The use of metadata classes:

   1: [MetadataClass(typeof(MyMetadataClass))]
   2: public partial class MyClass
   3: {
   4:     public int MyProperty { get; set; }
   5: }
   7: public class MyMetadataClass
   8: {
   9:     [Range(1,100)]
  10:     public int MyProperty{ get; set; }
  11: }

[Credit goes to Mike’s post for inspiring this bit of hatred; I’m not blaming Mike for the hate, of course, just for reminding me that I hate it. 🙂 ]

I don’t understand why MS is using this approach.  Why not a fluent approach like, maybe something like this:

   1: Constraint<MyClass>.Add(x => x.MyProperty).Between(1,1000);

The advantages of the fluent approach should be obvious: I’m not violating DRY, I have compile-time checking that my constraints are valid (somewhat), and I don’t have to create a new public class just to house a single constraint. 

Noisy Tweets:

I like Twitter, and I’ve actually gotten some real value out of it, but the signal-to-noise ratio is terrible, even for guys I really respect and that have a lot of valuable things to say.  I’m not going to name names, but I’m appalled at how much time some people are apparently spending doing useless activities on Twitter, such as retweeting retweets and telling me about their breakfast.  I DO NOT CARE.  I follow you on Twitter to get useful information.  Maybe Twitter should allow people to categorize their tweets or something.  That would let me turn off the “walking the dog” category.  Of course, I seem to be in the minority here.  Maybe I should start tweeting every time I walk to the fridge to grab a water?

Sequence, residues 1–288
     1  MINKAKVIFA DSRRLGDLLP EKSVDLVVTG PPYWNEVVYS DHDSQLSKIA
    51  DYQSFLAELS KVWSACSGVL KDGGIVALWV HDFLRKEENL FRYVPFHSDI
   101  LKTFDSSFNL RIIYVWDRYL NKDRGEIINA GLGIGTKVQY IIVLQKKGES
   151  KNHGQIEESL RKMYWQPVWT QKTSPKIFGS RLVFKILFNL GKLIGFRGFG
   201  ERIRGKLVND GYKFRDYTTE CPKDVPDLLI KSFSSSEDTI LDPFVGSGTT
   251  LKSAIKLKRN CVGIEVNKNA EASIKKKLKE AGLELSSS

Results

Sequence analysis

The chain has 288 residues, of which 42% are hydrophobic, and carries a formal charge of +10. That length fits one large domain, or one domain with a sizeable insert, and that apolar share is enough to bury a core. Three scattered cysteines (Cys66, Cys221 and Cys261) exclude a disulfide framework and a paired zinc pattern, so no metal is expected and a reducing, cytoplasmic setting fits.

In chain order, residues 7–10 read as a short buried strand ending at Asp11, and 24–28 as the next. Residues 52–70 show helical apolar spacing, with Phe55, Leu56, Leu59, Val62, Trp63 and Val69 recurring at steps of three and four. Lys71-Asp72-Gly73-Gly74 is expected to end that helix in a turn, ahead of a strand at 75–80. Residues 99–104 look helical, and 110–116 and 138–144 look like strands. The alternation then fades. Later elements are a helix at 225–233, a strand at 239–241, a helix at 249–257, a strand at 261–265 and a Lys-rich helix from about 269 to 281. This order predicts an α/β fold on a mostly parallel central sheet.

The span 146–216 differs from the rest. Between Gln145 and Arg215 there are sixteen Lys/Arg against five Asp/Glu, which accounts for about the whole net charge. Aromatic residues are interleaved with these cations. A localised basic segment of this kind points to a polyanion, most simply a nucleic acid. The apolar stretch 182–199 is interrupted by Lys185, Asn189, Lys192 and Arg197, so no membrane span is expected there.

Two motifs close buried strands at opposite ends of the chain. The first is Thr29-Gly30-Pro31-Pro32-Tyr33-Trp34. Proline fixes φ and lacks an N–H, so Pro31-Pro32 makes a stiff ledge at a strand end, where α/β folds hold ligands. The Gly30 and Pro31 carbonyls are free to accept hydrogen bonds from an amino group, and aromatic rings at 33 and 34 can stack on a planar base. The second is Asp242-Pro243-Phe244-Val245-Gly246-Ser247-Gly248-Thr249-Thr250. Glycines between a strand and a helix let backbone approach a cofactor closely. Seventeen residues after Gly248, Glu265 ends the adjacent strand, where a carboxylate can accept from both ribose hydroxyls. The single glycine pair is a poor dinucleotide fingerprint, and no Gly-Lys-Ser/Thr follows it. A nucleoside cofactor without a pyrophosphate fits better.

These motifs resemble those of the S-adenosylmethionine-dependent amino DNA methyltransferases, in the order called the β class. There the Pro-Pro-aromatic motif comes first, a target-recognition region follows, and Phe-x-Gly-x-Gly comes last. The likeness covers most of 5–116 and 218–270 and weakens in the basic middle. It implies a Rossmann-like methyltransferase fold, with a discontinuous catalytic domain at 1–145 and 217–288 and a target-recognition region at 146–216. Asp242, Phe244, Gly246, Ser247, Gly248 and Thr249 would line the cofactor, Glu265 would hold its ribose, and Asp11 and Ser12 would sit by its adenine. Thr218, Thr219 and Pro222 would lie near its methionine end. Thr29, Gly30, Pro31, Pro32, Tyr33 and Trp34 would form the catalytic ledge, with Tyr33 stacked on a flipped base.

People hating on ‘#regions’:

I am very sick of posts like this.  I 100% disagree with this post.  I do indeed use regions to group my code in the standard way (fields, properties, constructors, methods, sometimes breaking things up further if I think it makes the code easier to navigate).  I do not want to use the file structure window; I don’t want to ever look away from the code window at all (and yes, I use Resharper).  Regions make things look saner, even for small classes, and really make large classes easier to navigate.  In the end, the use of regions is a matter of opinion, and I’m sick of people ranting about it.  If you don’t like #region, fine, don’t use it, but stop talking about it.  It isn’t even original at this point.